San Antonio, TX
This story was featured in the October 2013 issue of Southwest Art magazine. Get the Southwest Art October 2013 print issue or digital download now–then subscribe to Southwest Art and never miss another story!
Greenhouse Gallery of Fine Art opens its 13th annual International Masters of Fine Art exhibition this month. The show is open to the public on October 1 but officially kicks off with a reception on Friday, October 11, from 5 to 8 p.m. Paintings and sculptures by more than 20 top artists are on view. The presentation is also available online beginning October 1.
In addition to celebrating today’s masters of representational art, the gallery is also celebrating new ownership. Founded by Mark Smith and Jim Janes in 1982, the gallery was purchased earlier this year by Sean Knoll and W.C. Wagnon. The new owners say they plan to carry on the gallery’s traditions as well as the annual shows that have become staples in the art world. “Being new owners, the last thing we want to do is re-invent the wheel. And naturally we are excited about hosting the Masters show,” Knoll says. “The best part of the show is that it allows us to not just show our own artists but also include artists whose works don’t normally hang on our walls, and that offers a wonderful variety and some surprises for collectors.”
Jennifer Diehl, Teresa Oaxaca, William Berra, Danae Bennett Miller, and Adair Payne are among this year’s participating artists. Another participant and a nine-year veteran of the Masters show, William J. Kalwick Jr. says he is always pleased to be included. His painting ONION SELLERS was inspired by a recent trip to Mexico, where he visited the country’s colorful marketplaces. In the impressionistic scene, he depicts a Mayan woman selling her produce. “The light on the onions and her blouse, as well as her dignified gaze, is what inspired me to paint her,” Kalwick says.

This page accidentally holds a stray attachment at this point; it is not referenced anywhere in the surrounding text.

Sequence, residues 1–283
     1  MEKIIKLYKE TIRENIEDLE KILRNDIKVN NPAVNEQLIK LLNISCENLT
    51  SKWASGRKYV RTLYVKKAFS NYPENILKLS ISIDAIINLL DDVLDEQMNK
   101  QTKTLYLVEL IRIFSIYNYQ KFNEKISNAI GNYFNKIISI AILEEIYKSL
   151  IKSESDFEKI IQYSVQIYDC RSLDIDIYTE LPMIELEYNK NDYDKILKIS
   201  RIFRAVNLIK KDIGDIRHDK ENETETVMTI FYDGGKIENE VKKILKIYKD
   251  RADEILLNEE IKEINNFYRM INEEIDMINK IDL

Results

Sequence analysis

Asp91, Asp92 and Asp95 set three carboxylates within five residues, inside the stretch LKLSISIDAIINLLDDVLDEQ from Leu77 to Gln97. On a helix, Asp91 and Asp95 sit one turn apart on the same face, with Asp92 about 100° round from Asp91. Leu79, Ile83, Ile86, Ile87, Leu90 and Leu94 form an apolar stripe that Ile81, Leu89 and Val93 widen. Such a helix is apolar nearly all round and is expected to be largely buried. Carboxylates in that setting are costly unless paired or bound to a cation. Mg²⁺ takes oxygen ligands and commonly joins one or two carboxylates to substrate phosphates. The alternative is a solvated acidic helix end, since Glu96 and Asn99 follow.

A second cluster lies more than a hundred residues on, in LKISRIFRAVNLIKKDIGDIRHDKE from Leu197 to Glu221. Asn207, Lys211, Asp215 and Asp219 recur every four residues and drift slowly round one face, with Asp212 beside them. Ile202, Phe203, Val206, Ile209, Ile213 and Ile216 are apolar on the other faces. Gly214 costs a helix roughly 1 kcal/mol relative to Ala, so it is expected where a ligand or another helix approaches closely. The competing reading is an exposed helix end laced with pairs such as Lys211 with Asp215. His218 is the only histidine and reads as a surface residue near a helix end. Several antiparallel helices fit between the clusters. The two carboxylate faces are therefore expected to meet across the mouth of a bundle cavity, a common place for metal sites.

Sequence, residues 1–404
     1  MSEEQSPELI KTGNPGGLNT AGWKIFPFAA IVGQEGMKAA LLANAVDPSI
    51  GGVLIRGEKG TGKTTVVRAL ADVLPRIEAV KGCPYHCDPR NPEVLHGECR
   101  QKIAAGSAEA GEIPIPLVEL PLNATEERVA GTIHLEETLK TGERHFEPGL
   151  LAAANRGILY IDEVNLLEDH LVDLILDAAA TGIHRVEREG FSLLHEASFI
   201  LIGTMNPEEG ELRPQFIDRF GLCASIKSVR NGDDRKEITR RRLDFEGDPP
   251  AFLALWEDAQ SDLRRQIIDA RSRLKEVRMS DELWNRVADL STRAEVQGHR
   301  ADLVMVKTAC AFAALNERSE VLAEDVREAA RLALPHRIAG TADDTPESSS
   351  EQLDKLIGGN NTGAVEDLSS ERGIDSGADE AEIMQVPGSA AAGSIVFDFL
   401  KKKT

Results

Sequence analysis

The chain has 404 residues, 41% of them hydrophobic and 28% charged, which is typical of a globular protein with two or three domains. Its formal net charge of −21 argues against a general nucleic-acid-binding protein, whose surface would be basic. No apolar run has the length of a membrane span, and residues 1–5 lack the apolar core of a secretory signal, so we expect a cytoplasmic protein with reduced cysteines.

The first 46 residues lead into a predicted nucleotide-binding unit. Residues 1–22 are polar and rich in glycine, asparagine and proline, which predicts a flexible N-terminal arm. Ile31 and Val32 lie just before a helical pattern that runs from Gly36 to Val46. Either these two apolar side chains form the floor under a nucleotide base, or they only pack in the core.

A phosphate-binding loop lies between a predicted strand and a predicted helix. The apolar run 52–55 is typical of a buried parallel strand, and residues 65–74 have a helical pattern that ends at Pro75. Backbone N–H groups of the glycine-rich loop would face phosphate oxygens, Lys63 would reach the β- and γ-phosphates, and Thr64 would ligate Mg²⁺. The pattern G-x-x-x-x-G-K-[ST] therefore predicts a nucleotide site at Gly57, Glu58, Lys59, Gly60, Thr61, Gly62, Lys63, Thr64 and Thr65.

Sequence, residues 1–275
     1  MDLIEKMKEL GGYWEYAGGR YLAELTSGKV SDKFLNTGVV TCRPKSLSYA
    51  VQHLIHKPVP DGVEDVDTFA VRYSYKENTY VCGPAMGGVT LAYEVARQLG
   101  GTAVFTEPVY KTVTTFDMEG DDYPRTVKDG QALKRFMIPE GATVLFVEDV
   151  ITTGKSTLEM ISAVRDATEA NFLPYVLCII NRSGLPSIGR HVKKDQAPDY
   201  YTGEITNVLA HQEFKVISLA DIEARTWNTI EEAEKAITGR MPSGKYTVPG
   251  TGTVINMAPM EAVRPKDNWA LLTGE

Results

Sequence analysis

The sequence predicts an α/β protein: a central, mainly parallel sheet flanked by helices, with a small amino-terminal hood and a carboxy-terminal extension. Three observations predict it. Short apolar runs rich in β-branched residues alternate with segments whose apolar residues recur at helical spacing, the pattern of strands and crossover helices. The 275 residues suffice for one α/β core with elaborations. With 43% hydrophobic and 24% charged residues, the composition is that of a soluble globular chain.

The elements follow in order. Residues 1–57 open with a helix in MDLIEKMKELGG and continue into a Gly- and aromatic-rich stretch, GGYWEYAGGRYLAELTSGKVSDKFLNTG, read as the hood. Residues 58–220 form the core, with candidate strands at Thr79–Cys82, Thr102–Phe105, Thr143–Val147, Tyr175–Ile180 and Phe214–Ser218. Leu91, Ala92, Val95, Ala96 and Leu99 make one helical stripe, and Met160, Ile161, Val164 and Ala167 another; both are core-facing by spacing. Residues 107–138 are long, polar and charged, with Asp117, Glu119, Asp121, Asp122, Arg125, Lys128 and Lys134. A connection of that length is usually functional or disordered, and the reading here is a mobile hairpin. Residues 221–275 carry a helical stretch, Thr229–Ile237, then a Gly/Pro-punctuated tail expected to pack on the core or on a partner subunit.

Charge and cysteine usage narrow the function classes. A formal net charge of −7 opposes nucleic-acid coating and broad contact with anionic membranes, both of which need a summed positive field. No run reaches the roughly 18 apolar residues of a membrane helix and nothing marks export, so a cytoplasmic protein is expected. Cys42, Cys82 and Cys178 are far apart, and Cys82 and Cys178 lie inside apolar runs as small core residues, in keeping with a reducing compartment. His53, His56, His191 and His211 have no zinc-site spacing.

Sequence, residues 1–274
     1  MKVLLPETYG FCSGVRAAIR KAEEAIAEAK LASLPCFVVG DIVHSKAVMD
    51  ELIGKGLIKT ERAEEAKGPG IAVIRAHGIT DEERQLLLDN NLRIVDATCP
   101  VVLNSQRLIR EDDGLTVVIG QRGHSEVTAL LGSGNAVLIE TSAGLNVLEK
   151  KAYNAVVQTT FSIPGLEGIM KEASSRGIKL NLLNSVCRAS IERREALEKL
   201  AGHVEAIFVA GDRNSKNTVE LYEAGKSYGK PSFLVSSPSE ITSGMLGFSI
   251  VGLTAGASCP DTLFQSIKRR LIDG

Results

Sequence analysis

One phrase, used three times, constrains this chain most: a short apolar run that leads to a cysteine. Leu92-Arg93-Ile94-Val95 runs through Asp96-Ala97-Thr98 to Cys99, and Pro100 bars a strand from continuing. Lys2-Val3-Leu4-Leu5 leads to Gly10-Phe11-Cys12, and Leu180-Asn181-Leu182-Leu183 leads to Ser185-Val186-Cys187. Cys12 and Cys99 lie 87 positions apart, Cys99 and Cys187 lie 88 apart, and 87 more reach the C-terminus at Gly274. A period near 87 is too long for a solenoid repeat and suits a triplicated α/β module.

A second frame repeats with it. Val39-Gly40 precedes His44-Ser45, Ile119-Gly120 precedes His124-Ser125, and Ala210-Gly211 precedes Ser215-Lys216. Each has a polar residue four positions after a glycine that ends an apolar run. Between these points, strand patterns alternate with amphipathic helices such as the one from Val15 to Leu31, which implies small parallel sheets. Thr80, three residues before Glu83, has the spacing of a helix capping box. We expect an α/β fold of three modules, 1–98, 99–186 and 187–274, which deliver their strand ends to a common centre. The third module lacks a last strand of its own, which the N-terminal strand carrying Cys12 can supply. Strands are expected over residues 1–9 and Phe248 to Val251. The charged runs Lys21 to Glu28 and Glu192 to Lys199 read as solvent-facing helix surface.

This is artist Danny Grant’s first year in the juried show, and he considers it an honor to hang his works alongside those of so many talented painters. One of his pieces featured, a still life titled WILD WEST, pays homage to the time young American boys have spent playing cowboys and Indians, pretending to be heroes of the Wild West. “Like millions of American men, I grew up with cap guns and cowboy boots, which are sometimes frowned on today,” Grant says.
Landscape painter Kathryn Stats agrees that it is an honor to be included in an event that presents such excellent works. Stats’ evocative painting LILIES ON WATER is part of this year’s presentation. “The blue of the sky, the reflections, and the lily pads seemed to make a great combination,” Stats says. “The quiet water reflections seem to be given life through the energy produced by the pools of lily pads.”
Fall is artist William Davidson’s favorite season, and he captures the mood this time of year in Wyoming’s Grand Teton National Park in METAMORPHOSIS, a work that also includes water reflections as subject matter. “I am always inspired by transparent and reflective water, as well as whatever reaches into the sky, like mountains,” Davidson says. —Bonnie Gangelhoff
Featured in the October 2013 issue of Southwest Art magazine–click below to purchase:
Southwest Art October 2013 print issue or digital download
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